Week 3

 

 

 

 

 

 

 

 

Take a look at the #HPV #vaccine and find out how #UCanStopHPV Vaccination is #Cancer #prevention http://bit.ly/1cX5tlf (120 characters)

#HPV #vaccine is recommended for all males ages 9 - 21. And all females ages 9 - 26. HPV vaccine is #Cancer prevention! #UCanStopHPV (130 characters)

Protect boys & girls from #Cancer & genital warts. Give 3 doses of #HPV #vaccine at ages 11 or 12 cdc.gov/Features/HPVvaccine/ #UCanStopHPV (140 characters)

 
#HPV #vaccine is #Cancer prevention! Call your doctor today & protect your kids from #HPV related #Cancer cdc.gov/vaccines/teens #UCanStopHPV (97 characters)

#HPV #Vaccines protect against the types of HPV that cause 70-90% of cervical #Cancers & pre-cancers #UCanStopHPV (113 characters)

  

Week 4

 

 

 

 

 

 

 

 

 

 

#UCanStopHPV and protect the ones you love from cancer prevent-hpv.org(70 characters)

If not vaccinated, #Teens and young adults ages 13-26 should get the #HPV #vaccination  http://bit.ly/adulthpv #UCanStopHPV (123 characters)

#HPV causes cancer in cervix, vagina, & vulva in women, penile cancer in men, & cancers of the anus, mouth or throat in both #UCanStopHPV (139 characters)

Boys & girls age 9-18 without insurance for #HPV vaccine may qualify for Vaccines for Children program http://bit.ly/idphvfc #UCanStopHPV (138 characters)

Take advantage of any visit to #doctor- checkups, sick visits, sports physicals, etc to ask doctor about the #HPV #vaccine#UCanStopHPV (136 characters)

About 79 million people in US infected with #HPV! 14 million new infections each year! Protect yourself with the vaccine! #UCanStopHPV (134 characters)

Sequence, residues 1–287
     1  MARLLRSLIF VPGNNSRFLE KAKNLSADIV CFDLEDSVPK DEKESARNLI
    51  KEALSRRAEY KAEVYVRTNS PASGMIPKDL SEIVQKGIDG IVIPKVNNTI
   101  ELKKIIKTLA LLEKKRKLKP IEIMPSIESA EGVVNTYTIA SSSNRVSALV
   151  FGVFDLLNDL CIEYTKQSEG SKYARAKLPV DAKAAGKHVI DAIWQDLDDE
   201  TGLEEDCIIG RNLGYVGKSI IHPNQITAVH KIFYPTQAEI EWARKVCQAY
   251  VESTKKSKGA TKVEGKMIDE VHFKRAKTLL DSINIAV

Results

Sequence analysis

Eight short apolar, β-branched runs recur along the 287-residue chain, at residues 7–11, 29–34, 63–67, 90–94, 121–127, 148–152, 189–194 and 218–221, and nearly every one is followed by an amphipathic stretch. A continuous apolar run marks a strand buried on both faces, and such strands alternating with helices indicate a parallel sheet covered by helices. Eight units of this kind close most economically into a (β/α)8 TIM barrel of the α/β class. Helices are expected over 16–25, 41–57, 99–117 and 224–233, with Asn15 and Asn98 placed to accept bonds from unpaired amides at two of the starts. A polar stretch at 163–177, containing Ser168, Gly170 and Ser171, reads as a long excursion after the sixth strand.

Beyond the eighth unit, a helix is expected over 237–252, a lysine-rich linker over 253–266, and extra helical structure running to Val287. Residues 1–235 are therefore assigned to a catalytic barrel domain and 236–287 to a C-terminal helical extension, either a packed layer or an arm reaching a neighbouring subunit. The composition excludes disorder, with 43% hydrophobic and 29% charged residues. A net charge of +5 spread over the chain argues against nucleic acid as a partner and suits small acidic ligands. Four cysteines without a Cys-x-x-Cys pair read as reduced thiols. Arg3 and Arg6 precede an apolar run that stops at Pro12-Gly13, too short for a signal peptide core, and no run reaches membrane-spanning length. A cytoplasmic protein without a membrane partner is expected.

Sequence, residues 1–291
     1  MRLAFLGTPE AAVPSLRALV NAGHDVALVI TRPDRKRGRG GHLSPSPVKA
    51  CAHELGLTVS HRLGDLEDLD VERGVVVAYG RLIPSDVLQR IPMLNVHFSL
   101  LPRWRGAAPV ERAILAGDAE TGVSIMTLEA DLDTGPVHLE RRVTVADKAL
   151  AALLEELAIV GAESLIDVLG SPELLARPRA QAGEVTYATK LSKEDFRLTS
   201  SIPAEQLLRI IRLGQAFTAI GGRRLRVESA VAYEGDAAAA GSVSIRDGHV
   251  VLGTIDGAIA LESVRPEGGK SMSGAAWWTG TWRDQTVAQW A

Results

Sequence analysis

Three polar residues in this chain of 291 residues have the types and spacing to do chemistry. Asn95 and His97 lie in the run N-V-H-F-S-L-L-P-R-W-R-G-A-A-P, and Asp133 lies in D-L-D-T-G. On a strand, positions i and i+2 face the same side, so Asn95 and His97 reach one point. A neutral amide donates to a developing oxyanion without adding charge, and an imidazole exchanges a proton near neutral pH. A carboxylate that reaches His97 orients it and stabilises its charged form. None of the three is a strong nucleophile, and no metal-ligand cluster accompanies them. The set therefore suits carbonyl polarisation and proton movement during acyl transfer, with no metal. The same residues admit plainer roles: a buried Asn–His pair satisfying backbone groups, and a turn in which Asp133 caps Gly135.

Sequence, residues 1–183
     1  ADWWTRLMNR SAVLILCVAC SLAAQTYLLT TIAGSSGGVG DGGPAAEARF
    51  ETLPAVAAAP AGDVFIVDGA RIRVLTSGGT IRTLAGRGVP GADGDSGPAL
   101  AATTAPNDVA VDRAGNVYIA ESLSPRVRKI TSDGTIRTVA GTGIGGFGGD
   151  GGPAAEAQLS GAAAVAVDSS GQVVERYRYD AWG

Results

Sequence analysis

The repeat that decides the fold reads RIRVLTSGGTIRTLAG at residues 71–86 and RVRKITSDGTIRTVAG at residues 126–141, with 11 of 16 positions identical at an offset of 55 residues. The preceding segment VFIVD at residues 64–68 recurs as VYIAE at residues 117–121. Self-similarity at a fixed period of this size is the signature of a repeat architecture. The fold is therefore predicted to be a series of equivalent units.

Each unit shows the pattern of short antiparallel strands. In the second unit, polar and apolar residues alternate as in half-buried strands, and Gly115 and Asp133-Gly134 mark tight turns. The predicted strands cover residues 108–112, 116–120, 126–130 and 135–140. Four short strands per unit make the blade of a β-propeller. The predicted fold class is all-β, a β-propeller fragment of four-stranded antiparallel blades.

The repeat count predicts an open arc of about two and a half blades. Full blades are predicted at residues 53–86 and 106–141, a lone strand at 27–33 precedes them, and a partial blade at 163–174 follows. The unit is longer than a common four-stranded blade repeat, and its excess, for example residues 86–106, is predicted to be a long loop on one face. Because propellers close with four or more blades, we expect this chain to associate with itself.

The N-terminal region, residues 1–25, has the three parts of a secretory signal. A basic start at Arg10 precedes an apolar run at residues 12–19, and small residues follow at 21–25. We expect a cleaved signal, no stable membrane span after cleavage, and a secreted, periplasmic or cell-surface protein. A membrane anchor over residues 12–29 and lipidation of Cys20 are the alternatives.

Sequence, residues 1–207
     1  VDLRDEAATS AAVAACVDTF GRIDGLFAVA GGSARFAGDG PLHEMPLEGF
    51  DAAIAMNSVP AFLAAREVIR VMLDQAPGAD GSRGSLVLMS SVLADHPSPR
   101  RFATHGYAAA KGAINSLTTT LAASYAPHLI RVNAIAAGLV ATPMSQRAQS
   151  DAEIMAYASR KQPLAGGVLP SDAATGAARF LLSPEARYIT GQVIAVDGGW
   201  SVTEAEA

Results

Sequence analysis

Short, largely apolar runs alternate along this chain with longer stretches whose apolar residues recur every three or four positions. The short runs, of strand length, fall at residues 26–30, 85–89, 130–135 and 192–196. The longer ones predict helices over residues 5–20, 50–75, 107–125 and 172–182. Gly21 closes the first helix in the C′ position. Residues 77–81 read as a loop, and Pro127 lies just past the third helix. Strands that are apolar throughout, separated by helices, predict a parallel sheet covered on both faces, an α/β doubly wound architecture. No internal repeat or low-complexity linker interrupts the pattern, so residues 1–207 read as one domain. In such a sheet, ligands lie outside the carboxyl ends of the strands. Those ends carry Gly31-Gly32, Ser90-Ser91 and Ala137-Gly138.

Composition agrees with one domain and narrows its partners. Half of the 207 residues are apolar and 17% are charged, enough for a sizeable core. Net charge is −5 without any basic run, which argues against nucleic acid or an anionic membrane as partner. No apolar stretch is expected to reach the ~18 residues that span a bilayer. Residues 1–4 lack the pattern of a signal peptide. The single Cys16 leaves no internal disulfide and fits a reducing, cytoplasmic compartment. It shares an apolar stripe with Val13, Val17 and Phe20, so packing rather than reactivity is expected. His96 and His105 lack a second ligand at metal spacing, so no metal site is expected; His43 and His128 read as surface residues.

Social Media Accounts to Follow: 

EverThrive IL

 Facebook Twitter

Chicago Department of Public Health

 Facebook Twitter

Illinois Department of Public Health

 Facebook Twitter

The Illinois Academy of Family Physicians

 FacebookTwitter

The American Cancer Society 

 Facebook Twitter

The Illinois Chapter of the American Academy of Pediatrics

 Facebook   

 

 

 

 

 

 

Sample Matte Articles

Prevent Cervical Cancer Now
Event/Observance: Cervical Cancer Awareness Month (January)
Audience: Hispanic-American Women

Prevención del cáncer de cuello uterino (Spanish Version)
Público: Mujeres hispanas

 
 
 

Get your kids HPV vaccine now to prevent cancer later
Event/Observance: Back to School
Audience: Parents/Mothers

 

Do you have a preteen or teen? Protect them against serious diseases!
Event/Observance: Back to School/All Vaccines
Audience: Parents/Mothers

 

Preventing Cancer in Your Community
Event/Observance: Minority Health Awareness Month
Audience: African-American Women

 

 

Publications, journal articles, etc. produced under a CDC grant support project must bear an acknowledgement and disclaimer, and appropriate, such as: "This publication was supported by Grant Number 3H23IP000722-02S1 from the Centers for Disease Control and Prevention (CDC). Its contents are solely the responsibility of the authors and do not necessarily represent the official views of CDC."